The goal of this research is to improve the operation, durability, and safety of unmanned aerial systems (UASs). UASs with vertical take-off and landing capability are particularly susceptible to dynamic stall as they operate entirely in the highly unsteady planetary boundary layer. Intense unsteady loads generated as the vehicle undergoes dynamic stall can lead to catastrophic failure as well as fatigue failure. As of now, there are no rigorous mechanisms or methods being used to address the dynamic stall of UASs. A passive mechanism to mitigate dynamic stall is a desirable alternative to active control as it is simpler, robust, and economical. The research project will leverage recent advances in physics-based modeling and design methods to optimize the rotor blade shapes to reduce the risk of dynamic stall. The work will impact the development of UASs, as well as other systems such as wind turbines and aircraft.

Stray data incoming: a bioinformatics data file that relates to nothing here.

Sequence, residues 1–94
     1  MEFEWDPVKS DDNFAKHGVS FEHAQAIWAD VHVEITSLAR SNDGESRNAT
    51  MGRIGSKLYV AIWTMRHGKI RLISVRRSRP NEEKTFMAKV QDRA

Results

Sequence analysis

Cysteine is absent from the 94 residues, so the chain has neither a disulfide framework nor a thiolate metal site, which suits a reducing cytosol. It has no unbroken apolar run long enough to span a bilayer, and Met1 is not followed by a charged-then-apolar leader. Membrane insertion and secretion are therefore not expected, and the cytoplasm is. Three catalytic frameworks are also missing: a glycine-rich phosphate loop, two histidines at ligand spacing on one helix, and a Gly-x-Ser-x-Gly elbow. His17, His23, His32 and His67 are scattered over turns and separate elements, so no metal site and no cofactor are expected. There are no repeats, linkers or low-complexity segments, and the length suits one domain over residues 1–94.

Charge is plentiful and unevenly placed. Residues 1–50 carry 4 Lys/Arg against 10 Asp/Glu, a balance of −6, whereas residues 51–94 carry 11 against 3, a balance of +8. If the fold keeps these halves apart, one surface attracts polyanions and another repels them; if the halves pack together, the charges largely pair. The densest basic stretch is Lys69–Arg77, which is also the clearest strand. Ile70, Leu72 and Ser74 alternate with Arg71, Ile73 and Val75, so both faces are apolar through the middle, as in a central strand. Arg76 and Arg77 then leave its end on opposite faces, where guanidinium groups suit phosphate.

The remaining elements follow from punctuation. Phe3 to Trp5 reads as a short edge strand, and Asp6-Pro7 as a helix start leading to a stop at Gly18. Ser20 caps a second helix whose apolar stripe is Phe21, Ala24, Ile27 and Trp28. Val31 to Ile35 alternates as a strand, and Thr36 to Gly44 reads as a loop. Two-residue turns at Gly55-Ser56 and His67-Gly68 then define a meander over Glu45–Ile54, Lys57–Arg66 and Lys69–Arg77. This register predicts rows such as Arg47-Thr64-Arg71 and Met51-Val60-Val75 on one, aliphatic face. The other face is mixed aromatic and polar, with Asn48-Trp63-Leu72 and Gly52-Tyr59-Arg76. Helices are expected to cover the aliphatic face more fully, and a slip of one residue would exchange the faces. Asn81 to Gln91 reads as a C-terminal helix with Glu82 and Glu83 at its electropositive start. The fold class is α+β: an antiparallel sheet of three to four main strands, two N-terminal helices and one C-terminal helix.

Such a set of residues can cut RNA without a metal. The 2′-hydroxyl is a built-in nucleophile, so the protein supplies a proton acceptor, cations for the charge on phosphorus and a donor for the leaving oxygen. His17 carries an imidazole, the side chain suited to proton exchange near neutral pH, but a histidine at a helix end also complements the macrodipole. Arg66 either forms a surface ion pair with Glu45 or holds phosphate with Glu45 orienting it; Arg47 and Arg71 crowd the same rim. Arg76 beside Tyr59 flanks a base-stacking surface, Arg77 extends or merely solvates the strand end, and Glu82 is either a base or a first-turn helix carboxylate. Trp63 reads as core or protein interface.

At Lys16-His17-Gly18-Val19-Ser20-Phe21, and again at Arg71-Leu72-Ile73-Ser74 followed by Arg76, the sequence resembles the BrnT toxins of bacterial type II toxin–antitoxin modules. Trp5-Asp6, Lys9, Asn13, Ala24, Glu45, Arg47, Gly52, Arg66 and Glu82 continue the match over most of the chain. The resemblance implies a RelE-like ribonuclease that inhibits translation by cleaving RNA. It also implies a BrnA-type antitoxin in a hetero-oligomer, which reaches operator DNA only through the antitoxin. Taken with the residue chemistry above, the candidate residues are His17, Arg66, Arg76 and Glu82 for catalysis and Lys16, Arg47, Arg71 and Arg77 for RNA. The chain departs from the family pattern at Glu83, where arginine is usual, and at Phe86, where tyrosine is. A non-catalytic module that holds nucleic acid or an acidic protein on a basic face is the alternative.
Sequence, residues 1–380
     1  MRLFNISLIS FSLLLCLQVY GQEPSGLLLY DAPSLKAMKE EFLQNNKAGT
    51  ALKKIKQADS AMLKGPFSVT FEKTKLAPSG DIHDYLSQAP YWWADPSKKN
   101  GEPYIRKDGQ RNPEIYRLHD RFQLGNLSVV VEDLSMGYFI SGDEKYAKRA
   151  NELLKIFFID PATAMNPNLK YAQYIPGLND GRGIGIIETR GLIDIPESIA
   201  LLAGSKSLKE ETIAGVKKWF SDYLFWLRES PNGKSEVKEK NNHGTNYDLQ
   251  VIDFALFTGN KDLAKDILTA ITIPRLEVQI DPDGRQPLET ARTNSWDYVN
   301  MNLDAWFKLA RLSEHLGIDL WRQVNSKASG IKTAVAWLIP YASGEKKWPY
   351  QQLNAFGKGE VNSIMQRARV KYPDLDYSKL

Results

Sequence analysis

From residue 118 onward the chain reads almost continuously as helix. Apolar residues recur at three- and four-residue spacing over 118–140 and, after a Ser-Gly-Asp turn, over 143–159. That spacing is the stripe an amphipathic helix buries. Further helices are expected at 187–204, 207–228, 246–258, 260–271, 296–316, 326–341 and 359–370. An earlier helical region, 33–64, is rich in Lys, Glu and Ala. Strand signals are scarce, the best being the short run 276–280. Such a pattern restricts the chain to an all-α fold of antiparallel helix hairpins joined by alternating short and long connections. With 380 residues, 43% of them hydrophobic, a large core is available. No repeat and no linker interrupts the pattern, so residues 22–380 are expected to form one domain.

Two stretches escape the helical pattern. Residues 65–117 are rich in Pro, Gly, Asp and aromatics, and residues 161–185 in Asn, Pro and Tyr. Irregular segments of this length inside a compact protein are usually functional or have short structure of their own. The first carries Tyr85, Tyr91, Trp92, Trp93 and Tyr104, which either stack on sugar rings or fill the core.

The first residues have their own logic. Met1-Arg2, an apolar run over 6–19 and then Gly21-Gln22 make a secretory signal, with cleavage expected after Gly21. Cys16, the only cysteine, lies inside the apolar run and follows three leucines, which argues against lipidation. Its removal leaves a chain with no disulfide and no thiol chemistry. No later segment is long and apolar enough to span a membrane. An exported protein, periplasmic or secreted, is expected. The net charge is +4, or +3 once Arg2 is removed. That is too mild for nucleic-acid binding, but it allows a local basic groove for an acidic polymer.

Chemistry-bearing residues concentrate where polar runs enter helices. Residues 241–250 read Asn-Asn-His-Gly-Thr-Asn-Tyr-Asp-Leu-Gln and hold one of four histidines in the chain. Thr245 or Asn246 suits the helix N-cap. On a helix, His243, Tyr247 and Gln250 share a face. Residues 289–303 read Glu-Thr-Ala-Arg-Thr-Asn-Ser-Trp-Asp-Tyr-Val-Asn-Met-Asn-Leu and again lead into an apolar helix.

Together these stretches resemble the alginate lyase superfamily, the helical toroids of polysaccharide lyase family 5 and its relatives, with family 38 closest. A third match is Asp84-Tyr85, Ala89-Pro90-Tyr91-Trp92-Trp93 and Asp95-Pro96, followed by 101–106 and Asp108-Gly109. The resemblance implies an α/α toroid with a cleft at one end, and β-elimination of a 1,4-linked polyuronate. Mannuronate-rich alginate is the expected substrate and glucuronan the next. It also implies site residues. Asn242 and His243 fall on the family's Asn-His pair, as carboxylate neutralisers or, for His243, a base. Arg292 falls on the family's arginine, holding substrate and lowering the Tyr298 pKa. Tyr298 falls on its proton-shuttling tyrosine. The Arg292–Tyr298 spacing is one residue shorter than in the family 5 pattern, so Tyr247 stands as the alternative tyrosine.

LAUNCH students will analyze and develop optimal rotor blade shapes for UASs using computer simulations and numerical optimization techniques. In particular, the students will simulate the unsteady flow past the rotor blades during dynamic stall using physics-based computational fluid dynamics (CFD) models executed on high-performance computing clusters. Furthermore, the LAUNCH students will integrate the CFD models with state-of-the-art multifidelity optimization techniques to optimize the blade shapes with respect to dynamic stall.
Project Mentor: Dr. Leifur Leifsson